Your post has only confirmed my view how local representatives spend more time bickering and less time doing any form of real value add. Its tragic to think how our tax payers money is primarily being used to fuel ones political career. ‘I want my money back’ comes to my mind

    In fact, i think you’ve single handedly shed light on the role the public sector has played on driving up our National Debt, completing the narrative alongside the ceremonious collapse of our financial sector and its impact on our Economy. You’ve both creamed off any economic surplus for yourselves with no net benefit to the community.

    Inefficient, Ineffective and Opportunistic Politicians should share the same public fate as the Greedy and Opportunistic Bankers! As they say, out with the old….

  3. Cllr Willy Stoodley

    I think we shoud repect Husain’s expertese on political instability – after all, he has either belonged to, or allegedly applied to belong to, EVERY political party in Harrow!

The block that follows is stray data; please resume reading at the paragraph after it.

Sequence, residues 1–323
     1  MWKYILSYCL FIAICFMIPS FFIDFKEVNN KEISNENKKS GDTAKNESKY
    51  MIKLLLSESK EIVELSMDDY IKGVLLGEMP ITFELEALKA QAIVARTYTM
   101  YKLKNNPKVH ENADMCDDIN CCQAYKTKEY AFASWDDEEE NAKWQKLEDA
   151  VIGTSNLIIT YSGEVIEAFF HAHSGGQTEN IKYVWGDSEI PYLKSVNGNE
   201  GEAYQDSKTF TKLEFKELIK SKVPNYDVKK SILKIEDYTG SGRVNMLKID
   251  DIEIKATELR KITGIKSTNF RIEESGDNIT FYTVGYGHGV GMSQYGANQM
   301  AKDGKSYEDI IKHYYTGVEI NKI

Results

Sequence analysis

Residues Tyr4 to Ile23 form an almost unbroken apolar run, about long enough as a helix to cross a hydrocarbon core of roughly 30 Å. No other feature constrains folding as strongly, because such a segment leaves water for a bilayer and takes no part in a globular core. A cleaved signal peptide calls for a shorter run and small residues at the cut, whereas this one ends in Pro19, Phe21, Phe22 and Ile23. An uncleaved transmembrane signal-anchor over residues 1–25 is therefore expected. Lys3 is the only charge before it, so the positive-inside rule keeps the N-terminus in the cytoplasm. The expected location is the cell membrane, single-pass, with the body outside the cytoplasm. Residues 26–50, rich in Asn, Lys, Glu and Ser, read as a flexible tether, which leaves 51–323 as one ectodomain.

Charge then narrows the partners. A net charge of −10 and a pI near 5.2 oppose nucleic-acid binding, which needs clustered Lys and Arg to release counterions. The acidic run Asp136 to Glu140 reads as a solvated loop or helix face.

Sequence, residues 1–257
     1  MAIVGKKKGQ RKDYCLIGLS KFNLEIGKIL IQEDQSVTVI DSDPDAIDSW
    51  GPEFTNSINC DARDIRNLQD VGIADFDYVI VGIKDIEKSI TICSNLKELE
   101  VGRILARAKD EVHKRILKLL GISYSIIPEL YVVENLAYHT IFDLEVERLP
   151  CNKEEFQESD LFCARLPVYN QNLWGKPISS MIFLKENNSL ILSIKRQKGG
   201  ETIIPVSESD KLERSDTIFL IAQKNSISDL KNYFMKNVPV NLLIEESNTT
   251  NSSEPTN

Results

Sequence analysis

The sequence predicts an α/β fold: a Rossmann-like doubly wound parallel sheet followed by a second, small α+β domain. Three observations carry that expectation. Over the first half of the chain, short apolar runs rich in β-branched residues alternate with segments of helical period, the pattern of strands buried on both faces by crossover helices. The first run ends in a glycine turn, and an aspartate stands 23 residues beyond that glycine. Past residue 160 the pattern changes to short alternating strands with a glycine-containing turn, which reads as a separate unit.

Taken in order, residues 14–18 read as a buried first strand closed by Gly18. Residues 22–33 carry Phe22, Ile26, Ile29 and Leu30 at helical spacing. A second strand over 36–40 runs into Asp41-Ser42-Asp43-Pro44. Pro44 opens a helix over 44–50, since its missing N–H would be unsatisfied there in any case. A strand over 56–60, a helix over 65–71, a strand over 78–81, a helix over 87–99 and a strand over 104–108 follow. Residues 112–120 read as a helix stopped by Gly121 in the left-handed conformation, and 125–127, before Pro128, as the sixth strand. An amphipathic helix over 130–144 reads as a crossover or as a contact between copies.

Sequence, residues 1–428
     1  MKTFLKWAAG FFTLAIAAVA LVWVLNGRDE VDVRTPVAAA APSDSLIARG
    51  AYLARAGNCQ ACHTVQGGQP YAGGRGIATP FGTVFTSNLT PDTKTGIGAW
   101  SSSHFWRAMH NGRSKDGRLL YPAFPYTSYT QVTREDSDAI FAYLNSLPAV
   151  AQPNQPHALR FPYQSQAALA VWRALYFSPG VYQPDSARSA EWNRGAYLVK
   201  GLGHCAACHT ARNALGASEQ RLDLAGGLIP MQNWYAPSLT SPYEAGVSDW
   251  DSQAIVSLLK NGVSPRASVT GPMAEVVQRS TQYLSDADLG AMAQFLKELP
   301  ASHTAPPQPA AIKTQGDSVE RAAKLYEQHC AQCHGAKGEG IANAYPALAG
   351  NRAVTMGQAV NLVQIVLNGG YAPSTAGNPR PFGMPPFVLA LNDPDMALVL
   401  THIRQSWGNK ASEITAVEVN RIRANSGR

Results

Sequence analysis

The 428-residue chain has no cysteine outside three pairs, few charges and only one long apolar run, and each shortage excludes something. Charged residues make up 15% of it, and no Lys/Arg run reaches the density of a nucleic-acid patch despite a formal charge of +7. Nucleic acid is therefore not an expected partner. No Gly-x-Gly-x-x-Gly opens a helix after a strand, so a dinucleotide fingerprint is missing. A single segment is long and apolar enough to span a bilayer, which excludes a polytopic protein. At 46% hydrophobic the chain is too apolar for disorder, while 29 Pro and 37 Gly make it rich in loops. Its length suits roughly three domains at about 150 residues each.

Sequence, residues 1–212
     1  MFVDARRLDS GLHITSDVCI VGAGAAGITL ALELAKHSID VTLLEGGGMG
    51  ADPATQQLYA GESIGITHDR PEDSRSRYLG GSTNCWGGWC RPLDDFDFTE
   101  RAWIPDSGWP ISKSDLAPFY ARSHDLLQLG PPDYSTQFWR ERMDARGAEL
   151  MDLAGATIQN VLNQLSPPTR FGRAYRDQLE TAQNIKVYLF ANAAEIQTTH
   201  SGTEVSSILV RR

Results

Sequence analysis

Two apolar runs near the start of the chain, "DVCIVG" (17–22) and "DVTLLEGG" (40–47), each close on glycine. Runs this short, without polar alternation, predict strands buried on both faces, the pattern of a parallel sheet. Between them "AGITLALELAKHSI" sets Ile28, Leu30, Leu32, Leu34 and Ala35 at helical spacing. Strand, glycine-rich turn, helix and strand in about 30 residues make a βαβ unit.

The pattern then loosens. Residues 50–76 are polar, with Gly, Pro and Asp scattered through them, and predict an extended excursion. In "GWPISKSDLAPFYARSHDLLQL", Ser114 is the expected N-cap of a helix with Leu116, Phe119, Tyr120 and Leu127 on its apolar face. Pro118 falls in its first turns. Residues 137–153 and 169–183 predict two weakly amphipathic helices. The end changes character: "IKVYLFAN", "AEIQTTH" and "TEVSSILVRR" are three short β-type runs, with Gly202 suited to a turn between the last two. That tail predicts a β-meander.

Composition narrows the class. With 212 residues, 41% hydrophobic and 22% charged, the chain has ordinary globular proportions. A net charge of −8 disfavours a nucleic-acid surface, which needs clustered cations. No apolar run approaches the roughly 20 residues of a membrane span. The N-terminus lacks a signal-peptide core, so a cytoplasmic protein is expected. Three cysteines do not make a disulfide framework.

4. Cllr Willy Stoodley

    For the avoidance of doubt, when I say “allegedly applied” I refer to his alleged application to join UKIP – to which Jeremy Zeid allegedly retorted “Over my dead body!” which is allegedly why Labour Group members were allegedly repeating this phrase at the last council meeting. Perhaps Husain could confirm or deny these allegations?

  5. Haz

    There’s nothing more to add which hasn’t been said here already, and in the case of Sharon above, said very well indeed!

    I could comment on just how tiring it is to hear yet another unsubstantiated rant by Cllr Husain; I could comment on just how detrimental his views and actions are to the public’s perception of politics today, or that criticising for the sake of criticism alone, without any remedy or alternatives, should be confined to school playgrounds only, but it seems I needn’t waste my breath.

    And seeing as though my post would otherwise be considered redundant, I’ll leave the councillor with some wise words my grand-father once shared with me:

    If, in life, you can’t decide where you stand, maybe you should simply ‘sit down’.